Alec Baldwin has pleaded not guilty to felony charges of involuntary manslaughter in the shooting death of cinematographer Halyna Hutchins, who was killed while working on the set of “Rust” in October 2021.
Baldwin, who was a lead actor and co-producer on the movie, and weapons supervisor Hannah Gutierrez-Reed were charged with felony involuntary manslaughter last month.
In court documents filed on Thursday, Baldwin waived his first formal court appearance and pleaded not guilty to the charges. He also agreed to forgo a hearing to have his rights explained to him.
The judge set conditions of release that allow Baldwin to have limited contact with potential witnesses in connection with plans to complete the filming of “Rust.” However, Baldwin is prohibited from discussing the accident at issue.
Prosecutors and defense attorneys are preparing for a likely preliminary hearing within a few months to determine whether there is sufficient evidence to proceed to trial. The involuntary manslaughter charges against Baldwin and Gutierrez-Reed are punishable by up to 18 months in jail and a $5,000 fine under New Mexico law.
In addition to the limited contact with potential witnesses, Baldwin’s pretrial release also includes a prohibition on consuming alcohol and against any possession of weapons, including firearms. The shooting incident has raised questions about safety protocols on film sets and has prompted calls for stricter regulations to prevent such accidents in the future.
Alec Baldwin’s attorney calls charges “a terrible miscarriage of justice”
Following Baldwin’s plea of not guilty, new details have emerged about the incident.
Authorities have said that Baldwin was pointing a pistol at Hutchins when the gun went off, killing her and wounding director Joel Souza.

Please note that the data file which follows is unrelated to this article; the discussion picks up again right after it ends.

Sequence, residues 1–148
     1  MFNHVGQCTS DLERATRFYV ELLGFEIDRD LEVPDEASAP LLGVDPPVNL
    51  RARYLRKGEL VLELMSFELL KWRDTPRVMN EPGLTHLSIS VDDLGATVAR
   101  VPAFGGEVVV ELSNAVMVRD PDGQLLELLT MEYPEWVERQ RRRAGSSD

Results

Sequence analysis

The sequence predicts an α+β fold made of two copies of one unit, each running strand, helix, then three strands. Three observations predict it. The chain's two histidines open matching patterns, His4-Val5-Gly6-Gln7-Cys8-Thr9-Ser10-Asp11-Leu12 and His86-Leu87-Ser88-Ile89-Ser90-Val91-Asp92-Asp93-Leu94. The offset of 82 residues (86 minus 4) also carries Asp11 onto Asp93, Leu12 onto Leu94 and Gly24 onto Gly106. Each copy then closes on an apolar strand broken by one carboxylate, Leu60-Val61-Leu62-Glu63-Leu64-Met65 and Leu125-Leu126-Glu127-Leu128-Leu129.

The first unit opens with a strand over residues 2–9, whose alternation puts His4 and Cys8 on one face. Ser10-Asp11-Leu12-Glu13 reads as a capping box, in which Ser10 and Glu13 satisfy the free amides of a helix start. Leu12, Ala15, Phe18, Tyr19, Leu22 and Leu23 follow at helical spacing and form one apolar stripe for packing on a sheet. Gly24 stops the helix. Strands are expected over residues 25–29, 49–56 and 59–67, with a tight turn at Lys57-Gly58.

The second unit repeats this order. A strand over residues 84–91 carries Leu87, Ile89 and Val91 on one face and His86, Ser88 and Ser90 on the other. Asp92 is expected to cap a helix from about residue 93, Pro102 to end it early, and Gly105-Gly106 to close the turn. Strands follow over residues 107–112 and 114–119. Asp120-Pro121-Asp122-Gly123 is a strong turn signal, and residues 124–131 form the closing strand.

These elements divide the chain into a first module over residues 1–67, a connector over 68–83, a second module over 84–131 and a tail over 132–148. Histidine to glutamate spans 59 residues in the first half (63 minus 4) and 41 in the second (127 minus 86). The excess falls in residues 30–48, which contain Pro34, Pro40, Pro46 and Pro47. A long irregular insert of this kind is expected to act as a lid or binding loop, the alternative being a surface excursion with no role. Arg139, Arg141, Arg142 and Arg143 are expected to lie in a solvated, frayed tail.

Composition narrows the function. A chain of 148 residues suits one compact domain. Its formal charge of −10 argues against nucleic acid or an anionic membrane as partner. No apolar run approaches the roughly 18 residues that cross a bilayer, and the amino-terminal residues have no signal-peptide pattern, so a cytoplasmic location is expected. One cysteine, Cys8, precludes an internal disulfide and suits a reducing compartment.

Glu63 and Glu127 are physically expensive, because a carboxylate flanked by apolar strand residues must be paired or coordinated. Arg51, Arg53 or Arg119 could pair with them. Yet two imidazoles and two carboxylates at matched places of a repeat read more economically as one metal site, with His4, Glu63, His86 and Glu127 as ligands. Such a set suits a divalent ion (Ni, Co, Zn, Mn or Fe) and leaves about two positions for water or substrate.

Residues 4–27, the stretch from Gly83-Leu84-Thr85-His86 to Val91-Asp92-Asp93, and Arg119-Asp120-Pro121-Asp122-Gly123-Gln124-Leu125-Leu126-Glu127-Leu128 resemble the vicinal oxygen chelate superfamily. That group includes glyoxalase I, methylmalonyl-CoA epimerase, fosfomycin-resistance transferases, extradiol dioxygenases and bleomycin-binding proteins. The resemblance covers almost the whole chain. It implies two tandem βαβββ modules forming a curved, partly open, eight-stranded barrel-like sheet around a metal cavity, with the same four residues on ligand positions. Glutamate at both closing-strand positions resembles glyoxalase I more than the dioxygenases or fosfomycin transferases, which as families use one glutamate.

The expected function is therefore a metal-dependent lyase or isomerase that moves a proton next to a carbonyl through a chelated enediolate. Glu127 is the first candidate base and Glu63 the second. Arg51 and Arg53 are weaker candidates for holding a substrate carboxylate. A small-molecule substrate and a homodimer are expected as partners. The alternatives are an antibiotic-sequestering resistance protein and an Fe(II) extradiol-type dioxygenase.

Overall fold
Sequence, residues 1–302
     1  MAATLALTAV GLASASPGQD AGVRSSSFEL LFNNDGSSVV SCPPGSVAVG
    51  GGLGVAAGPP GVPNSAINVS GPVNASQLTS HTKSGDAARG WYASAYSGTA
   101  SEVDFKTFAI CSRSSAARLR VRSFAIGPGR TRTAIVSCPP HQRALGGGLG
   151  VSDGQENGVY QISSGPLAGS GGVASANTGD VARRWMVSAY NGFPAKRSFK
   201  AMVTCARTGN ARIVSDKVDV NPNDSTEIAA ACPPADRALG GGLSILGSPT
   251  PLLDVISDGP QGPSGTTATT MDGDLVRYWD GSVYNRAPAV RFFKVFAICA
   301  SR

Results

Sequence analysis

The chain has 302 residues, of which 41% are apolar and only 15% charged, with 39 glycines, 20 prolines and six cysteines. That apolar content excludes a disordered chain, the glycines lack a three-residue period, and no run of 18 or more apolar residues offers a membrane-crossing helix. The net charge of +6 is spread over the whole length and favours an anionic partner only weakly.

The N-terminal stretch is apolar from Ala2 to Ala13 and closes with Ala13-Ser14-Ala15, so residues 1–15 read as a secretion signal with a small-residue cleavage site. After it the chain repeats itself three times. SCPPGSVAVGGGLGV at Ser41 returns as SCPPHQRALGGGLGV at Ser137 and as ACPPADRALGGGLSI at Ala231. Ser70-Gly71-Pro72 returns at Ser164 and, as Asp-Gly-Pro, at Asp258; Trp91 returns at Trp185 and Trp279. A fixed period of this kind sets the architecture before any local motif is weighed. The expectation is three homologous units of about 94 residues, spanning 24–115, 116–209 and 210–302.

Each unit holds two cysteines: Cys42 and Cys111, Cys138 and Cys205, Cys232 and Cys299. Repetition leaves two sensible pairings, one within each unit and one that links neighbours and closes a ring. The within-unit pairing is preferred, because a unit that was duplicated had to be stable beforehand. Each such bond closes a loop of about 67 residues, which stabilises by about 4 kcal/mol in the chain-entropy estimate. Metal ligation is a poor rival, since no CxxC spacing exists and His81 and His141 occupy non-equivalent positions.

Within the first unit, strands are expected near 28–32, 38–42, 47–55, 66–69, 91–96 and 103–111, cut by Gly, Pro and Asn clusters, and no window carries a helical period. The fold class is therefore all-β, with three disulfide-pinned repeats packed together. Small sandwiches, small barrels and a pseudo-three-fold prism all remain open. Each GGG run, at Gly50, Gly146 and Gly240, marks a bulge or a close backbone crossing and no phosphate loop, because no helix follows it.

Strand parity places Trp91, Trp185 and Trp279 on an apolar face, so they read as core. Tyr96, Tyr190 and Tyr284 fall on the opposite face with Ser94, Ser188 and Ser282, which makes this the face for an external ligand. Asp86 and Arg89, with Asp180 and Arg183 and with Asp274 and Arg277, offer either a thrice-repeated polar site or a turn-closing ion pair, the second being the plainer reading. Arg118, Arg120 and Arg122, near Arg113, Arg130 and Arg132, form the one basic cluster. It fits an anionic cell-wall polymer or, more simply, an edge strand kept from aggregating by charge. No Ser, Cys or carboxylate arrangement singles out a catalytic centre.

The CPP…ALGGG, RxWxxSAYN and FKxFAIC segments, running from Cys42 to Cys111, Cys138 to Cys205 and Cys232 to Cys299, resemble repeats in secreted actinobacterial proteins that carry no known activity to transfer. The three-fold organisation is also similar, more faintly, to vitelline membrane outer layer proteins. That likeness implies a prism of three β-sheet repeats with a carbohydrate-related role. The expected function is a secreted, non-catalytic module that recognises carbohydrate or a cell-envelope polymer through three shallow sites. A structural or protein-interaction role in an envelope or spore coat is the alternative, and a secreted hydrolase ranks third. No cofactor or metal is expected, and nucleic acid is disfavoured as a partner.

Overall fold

Baldwin’s attorney, Luke Nikas, has called the charges a “terrible miscarriage of justice,” saying that Baldwin relied on the professionals with whom he worked and “had no reason to believe there was a live bullet in the gun.”
Production on “Rust” was halted with Hutchins’ death, but Rust Movie Productions has announced that filming is expected to resume this spring without the use of real weapons or ammunition. Hutchins’ widower, Matthew Hutchins, will be the film’s new executive producer, fulfilling the terms of a legal settlement to a wrongful death lawsuit against Baldwin and other “Rust” producers.
In addition, a related documentary is planned that would detail the completion of the film and the life of Hutchins.
Meanwhile, armorer Hannah Gutierrez-Reed, who was also charged with involuntary manslaughter in the incident, is scheduled to appear remotely at a court hearing on Friday, and her attorney says she will enter a plea of not guilty.
Prosecutors have said that assistant director David Halls, who oversaw safety on set, has signed an agreement to plead guilty in the negligent use of a deadly weapon, explaining that he may have handled the gun improperly before it was given to Baldwin. A judge is scheduled to consider approval of the plea agreement in March. Halls waived his first appearance in court.